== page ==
It seems to be that time again when the various pollsters and investigators talk about the countries with the happiest people. Over the years Costa Rica has been in the top 10. As in other years, it is the Scandinavian countries that top the list. As for other countries, it depends on which criteria the various pollsters base their hierarchy of happiness. They range from material prosperity to safety nets to how daily life is perceived
I have heard Costa Rica mentioned on TV more often lately. I am waiting for a very clever PR person with Costa Rican tourism to persuade someone who has just become famous and is asked, “What’s the first thing you are going to do?” to ignore Disneyland and respond with “I’m going to Costa Rica!”
According to the latest Forbes pollsters, all the countries at the top of the list are social democracies that spend more of their income on the general welfare of their people, than on defense. (The U.S. probably enables the latter.) The people also have a sense of freedom, and of having enough of what they need. A pollster, interviewed by CNN said, “Can you imagine the tiny country of Costa Rica in the top 10?” then added that a Costa Rican friend explained, “We have a beautiful country and generally we are a laid back people.” I will certainly vouch for that.
Recently I made my first visit to a clinic, which is part of the national health insurance coverage. I’ve had enough of clinics and the waiting and the fact that if I don’t like my doctor, I don’t know how to tactfully change him or her, and if I do, I may not see that doctor again. Clinics are large and usually have lots of people seeking help.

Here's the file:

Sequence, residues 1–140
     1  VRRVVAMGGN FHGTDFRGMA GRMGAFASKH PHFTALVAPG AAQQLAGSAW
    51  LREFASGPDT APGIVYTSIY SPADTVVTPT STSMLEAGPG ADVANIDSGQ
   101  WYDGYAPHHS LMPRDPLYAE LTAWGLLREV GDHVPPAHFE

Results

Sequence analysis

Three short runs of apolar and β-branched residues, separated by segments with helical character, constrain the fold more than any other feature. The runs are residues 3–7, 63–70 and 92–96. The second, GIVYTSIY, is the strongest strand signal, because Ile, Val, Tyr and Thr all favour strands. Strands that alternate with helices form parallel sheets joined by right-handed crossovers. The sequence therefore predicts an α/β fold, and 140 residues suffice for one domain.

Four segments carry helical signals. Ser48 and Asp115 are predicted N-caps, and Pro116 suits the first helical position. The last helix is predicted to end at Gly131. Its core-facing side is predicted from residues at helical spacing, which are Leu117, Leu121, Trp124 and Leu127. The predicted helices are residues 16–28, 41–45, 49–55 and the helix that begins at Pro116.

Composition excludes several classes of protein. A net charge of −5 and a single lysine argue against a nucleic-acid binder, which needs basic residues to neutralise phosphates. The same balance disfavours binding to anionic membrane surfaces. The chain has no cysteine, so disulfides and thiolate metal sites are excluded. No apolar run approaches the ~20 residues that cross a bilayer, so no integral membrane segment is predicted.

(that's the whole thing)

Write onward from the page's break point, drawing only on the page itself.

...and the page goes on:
I was told to arrive 15 minutes early for my 11 a.m. appointment. A nurse took my blood pressure and weighed me, then asked the usual questions about my health history. At about two minutes after 11 a.m., a pretty doctor came out of a nearby door and called my name.
After we sat down in her office, she spent about 20 minutes asking me questions, using her stethoscope and writing prescriptions (doctors really know how to do that!) then told me the various places I should go to make appointments for x-rays, lab tests, an electrocardiogram and to get my prescriptions filled.
It was easy to get lost in the maze of hallways, but everyone I asked, whether a rushing employee or another patient, gave me directions in a polite and unhurried manner. I also was aware of how peaceful everything seemed. Patients were quietly chatting with friends (No Tico goes to a clinic without family or friend.) Lines were short and at the farmacia I was told to come back in an hour to pick up my prescriptions. I decided to wait outside in the sun where there were some benches. As I opened my book, I paused to enjoy the view and realized I was smiling. The past hour had been a pleasant experience and was going to be even more pleasant when I left because I would not have to open my wallet. The trip would not destroy my budget.
And I realized that happiness is more than secure survival. The other part of my experience — the kindness, patience and helpfulness of others — made my day memorable. It is that feeling I had sitting in the sun – a feeling of gratitude. Gratitude for the kindness of strangers, as well as a beautiful country and family and friends to tell about it.
It is possible that in the future there will be a change in the ranks of happiness. The subjects in the studies have always been people of different countries. Lately we are learning more and more about other animals and discovering how much more they feel and can do and how much smarter they are than we thought – even birds. I would not be surprised if in some future study of happiness it may be the denizens of the Serengeti or the Antarctica who are among the top 10. I don’t doubt they feel gratitude, too.